WWII POW Camp Douglas on NRHP
A World War II prisoner of war (POW) camp near Douglas has been the focus of several previous “Postcards.” This week, we conclude the series with a salute to those dedicated folks who helped preserve a part of “Camp Douglas” and our state heritage.
According to an article discovered on the internet, “The listing in 2001 of the former Officer’s Club of the Douglas POW Camp on the National Register of Historic Places is a tribute to those dedicated to its preservation today and to the thousands from the past who made a wartime home at the camp.”
As reported in previous “Postcards,”the camp was home to as many as 3,000 Italian and German prisoners from 1942 until 1946.
In 1946, the deserted Douglas camp became the property of the War Assets Administration, a federal agency established to dispose of surplus property and provide lumber and other materials for temporary government-approved housing programs.
Federal agencies and local governments were given first priority to acquire surplus buildings before they were scrapped. Converse County purchased the camp hospital; the Community Country Club acquired the Officer’s Club; School District 17 acquired fifteen buildings and 163 acres for an experimental farm, which operated until 1969; and a contractor dismantled 137 buildings. Other buildings purchased by a lumber company were still standing south of the Officer’s Club in the 1980s.
The remaining Officer’s Club, constructed in 1943, is a one-story rectangular building measuring 37 feet wide and 132 feet long. The utilitarian, wood-framed building rests on a partial concrete pad and concrete footers. It consists of a kitchen, pantry, furnace room, two bathrooms, hall closet, small game room, large clubroom, three small rooms for storage and an adjoining porch.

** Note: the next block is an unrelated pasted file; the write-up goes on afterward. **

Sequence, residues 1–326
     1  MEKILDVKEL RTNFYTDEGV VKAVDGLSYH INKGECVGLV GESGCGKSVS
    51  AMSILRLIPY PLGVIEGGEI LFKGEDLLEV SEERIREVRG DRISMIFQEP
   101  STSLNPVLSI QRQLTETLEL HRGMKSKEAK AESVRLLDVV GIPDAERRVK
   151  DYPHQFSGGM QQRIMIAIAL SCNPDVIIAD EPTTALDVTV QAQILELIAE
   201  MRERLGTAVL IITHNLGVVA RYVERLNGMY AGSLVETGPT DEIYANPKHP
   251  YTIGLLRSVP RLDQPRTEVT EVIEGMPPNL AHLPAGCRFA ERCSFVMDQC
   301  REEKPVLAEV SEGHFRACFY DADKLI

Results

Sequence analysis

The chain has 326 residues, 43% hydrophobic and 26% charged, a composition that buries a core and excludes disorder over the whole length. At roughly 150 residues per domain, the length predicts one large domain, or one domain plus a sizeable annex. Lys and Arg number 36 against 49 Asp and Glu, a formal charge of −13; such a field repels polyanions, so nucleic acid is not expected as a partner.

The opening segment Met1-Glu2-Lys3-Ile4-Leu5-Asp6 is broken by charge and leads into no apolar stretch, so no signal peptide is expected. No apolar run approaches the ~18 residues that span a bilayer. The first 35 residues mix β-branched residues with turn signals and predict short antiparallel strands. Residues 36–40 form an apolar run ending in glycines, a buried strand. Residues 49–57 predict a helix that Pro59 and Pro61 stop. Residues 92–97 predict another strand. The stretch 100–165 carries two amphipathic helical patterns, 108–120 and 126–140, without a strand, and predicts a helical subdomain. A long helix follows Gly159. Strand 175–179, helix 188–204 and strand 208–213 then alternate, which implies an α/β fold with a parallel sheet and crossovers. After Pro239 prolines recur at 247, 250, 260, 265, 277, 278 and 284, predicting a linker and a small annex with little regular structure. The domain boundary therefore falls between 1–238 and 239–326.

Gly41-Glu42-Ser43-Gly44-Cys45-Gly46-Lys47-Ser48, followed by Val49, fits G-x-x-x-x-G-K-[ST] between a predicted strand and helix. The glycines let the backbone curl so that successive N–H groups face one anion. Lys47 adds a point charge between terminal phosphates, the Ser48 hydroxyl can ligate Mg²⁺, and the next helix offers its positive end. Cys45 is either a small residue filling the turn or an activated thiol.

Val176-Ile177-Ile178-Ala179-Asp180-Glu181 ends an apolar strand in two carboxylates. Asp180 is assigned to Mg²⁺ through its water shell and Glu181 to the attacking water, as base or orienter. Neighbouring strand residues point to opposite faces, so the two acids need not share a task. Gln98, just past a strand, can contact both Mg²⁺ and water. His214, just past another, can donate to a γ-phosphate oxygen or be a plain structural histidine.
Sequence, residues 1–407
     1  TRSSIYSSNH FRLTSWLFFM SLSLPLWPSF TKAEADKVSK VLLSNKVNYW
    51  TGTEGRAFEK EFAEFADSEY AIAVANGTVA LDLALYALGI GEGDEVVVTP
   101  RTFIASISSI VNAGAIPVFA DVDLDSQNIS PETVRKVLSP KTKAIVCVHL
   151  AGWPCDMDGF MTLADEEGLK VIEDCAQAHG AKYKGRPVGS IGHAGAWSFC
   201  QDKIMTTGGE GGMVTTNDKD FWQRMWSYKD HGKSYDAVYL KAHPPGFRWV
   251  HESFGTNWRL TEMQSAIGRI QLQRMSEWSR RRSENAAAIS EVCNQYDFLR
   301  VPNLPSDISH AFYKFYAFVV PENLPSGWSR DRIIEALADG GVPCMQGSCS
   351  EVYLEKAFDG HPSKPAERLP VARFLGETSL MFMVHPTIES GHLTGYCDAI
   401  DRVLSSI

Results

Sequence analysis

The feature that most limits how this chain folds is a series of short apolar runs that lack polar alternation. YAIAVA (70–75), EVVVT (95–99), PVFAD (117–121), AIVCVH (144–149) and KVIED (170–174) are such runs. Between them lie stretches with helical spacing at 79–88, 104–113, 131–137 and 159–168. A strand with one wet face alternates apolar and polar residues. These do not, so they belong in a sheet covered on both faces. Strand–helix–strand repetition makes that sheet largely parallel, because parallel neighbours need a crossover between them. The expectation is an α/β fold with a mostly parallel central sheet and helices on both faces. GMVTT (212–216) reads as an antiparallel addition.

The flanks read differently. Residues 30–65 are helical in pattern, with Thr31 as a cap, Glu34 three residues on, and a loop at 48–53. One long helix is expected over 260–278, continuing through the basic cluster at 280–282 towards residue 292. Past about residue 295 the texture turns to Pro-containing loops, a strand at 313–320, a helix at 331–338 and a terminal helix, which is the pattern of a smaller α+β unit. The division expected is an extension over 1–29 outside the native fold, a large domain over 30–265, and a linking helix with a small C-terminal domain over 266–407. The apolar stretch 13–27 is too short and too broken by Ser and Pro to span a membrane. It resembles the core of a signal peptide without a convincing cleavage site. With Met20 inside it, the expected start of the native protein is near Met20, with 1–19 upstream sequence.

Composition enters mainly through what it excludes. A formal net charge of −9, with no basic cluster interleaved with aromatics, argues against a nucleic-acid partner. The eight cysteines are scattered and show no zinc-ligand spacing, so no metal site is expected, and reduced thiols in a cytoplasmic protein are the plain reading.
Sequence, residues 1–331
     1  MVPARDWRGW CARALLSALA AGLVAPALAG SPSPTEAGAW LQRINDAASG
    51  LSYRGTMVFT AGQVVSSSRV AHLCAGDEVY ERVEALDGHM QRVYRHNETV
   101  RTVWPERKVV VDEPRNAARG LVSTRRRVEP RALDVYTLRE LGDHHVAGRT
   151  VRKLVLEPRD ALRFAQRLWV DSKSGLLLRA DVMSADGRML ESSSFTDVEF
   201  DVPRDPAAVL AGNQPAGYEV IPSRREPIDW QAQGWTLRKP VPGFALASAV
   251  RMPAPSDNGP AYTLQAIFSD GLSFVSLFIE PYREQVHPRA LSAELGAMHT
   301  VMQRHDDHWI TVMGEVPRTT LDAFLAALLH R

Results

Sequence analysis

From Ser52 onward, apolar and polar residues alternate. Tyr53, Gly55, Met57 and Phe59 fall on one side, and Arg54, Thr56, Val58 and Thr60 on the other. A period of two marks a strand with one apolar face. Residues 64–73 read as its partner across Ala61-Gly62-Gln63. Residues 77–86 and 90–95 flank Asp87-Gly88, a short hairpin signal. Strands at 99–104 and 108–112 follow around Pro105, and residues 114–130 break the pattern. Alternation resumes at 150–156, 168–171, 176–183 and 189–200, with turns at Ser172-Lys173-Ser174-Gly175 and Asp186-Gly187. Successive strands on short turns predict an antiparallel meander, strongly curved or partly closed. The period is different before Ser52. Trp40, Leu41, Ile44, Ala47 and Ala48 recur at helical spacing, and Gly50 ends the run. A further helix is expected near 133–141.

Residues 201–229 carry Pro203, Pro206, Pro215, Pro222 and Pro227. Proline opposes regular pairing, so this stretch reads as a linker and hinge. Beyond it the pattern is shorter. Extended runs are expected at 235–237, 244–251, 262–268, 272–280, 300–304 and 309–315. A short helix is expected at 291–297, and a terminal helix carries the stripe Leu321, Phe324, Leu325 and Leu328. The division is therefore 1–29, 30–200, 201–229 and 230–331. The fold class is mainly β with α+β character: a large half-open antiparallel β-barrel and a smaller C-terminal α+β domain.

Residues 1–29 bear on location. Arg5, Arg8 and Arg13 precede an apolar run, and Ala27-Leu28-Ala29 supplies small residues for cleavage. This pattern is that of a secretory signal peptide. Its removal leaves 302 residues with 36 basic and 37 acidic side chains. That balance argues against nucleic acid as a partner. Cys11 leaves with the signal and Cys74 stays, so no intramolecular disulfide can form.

By the 1980s, the site of the former POW camp had become unrecognizable. Interstate 25 cut through the camp, and businesses, housing subdivisions, two large mobile home parks and a new school building covered many of the 687 acres that once made up the Douglas camp.
Only a few local people fought to keep the history of the camp from fading forever.
Among those few were members of the Douglas Lodge #15 Independent Order of Odd Fellows (IOOF). The Odd Fellows purchased the Officer’s Club from the Douglas Junior Chamber of Commerce in 1963 for $5,000. Over the years, the local IOOF lodge has maintained the building and taken pains to protect the unique murals.
Thanks to the efforts the Douglas Historic Preservation Commission and those dedicated IOOF members, a portion of the historic World War II prisoner of war compound near Douglas remains today and is open to the public.
Additional photographs and information concerning Camp Douglas may be found by Goggling “World War II POW camp, Douglas.”